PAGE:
It's the most tragic and heartbreaking thing a mother can imagine: learning there's something wrong with her baby in utero. When Claire Ives was seven months pregnant, she got the terrible news that her son's heartbeat was going at a rate of twice the normal number of beats, and was forced to deliver him five weeks early.
Baby Edward was born with supraventricular tachycardia, a condition that causes improper electrical impulses in the heart and leads to an irregular heartbeat. The end result is that the heart can overwork itself and stop, or organs which aren't getting enough blood flow begin to malfunction.
Not long after he was born, Edward's heart began to race the way it had in the womb, and doctors tried shocking it and administering medication, to no avail. The infant was given just a 5% chance of survival.
"I just thought he was going to die," said Ives.
When nothing else worked, doctors turned to an unconventional method for a patient so young; cooling him with gel ice packs to slow his heart rate and protect his organs. His body temperature was dropped to just 91 degrees, and over the span of several days, a team of doctors and nurses stood close watch over the baby as his heartrate continued to spike up and down. Eventually, by using a combination of the cooling method and medication, they got his heart rate to remain stable. A full ten days after he was delivered, Claire got to hold her baby boy for the first time. Edward is now six months old and appears to be fine.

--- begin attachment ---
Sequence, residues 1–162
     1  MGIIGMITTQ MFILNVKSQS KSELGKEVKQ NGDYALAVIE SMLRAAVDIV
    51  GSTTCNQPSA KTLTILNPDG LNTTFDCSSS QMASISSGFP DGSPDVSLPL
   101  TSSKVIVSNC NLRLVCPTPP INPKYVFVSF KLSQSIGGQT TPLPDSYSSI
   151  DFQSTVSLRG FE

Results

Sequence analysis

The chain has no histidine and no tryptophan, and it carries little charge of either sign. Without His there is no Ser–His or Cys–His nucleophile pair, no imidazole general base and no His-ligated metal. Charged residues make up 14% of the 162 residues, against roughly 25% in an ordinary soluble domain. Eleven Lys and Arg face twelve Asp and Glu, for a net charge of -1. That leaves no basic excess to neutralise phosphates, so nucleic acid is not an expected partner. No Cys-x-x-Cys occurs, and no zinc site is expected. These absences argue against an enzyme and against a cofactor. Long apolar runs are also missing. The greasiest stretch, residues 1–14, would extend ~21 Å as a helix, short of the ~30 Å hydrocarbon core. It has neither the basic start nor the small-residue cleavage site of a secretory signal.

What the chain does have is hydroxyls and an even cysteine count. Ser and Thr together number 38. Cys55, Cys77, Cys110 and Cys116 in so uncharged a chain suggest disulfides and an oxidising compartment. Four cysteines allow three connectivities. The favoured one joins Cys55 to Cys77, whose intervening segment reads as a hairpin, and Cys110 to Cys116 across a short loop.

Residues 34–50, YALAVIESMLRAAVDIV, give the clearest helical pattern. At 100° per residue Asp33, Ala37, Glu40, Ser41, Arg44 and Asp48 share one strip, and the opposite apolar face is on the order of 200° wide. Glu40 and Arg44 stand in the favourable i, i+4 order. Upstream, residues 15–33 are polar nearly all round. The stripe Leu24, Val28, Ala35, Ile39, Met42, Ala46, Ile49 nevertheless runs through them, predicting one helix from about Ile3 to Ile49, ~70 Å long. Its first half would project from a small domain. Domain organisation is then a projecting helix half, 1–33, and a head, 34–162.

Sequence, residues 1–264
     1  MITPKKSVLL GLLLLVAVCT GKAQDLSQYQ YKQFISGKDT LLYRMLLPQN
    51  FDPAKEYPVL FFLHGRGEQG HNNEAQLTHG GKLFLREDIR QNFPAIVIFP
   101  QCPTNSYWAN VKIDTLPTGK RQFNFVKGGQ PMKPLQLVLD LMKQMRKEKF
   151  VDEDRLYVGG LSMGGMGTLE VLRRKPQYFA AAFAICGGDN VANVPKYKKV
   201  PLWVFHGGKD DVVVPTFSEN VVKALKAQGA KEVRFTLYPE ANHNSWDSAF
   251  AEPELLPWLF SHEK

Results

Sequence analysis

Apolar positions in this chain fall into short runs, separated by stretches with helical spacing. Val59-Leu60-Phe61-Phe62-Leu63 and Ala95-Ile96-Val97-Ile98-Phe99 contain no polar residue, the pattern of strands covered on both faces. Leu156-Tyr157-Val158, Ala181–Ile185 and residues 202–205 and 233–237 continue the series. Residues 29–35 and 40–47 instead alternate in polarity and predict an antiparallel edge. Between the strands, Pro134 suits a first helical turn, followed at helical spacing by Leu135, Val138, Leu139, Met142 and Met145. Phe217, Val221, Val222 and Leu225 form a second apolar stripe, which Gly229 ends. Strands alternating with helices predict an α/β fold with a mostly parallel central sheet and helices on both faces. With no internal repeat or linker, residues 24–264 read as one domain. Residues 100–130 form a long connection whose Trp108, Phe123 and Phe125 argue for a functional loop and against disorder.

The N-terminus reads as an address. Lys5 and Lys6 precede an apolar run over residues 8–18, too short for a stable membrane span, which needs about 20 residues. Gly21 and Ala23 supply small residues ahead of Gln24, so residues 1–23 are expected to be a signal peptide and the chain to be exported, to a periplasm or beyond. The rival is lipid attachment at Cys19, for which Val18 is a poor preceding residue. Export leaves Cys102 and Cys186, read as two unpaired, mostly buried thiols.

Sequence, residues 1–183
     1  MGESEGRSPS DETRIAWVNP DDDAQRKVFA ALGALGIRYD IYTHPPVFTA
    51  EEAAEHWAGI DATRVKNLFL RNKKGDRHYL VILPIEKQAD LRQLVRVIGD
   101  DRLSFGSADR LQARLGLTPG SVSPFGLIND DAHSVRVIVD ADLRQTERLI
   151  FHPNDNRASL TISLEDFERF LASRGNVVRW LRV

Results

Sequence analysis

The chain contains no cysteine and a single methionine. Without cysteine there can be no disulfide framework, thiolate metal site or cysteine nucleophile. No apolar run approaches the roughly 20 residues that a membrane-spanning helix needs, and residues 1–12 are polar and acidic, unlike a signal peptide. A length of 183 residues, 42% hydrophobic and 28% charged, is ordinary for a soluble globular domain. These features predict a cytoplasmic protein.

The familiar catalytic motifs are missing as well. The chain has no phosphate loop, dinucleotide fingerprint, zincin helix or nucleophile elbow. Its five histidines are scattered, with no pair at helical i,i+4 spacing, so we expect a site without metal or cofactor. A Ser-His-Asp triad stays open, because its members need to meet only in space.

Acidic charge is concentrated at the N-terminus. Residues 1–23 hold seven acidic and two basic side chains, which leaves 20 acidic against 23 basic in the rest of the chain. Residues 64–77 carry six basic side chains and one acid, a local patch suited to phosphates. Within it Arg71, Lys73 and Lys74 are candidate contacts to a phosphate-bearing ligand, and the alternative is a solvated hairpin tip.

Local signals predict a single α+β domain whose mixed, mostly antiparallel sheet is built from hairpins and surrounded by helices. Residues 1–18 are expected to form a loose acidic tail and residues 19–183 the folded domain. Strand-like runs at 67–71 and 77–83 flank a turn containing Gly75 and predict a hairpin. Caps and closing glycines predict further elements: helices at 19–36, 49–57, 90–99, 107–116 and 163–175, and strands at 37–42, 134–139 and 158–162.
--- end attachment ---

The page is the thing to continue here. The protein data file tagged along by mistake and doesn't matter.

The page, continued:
“It was horrible to see him lying there freezing in nothing but a nappy," Claire Ives said. "He was heavily sedated so didn't move much, and he was cold to touch - it looked like he was dead. All I wanted to do was scoop him up and give him a warm cuddle. I just had to keep reminding myself that it was saving his life."
Though Edward will have to be monitored as he gets older to ensure the condition doesn't return, the family says they are extremely grateful that science was on their side when it mattered most.
“It’s made me appreciate all the small things about my children,” said Ives. ”It’s the best thing ever to bring him home.”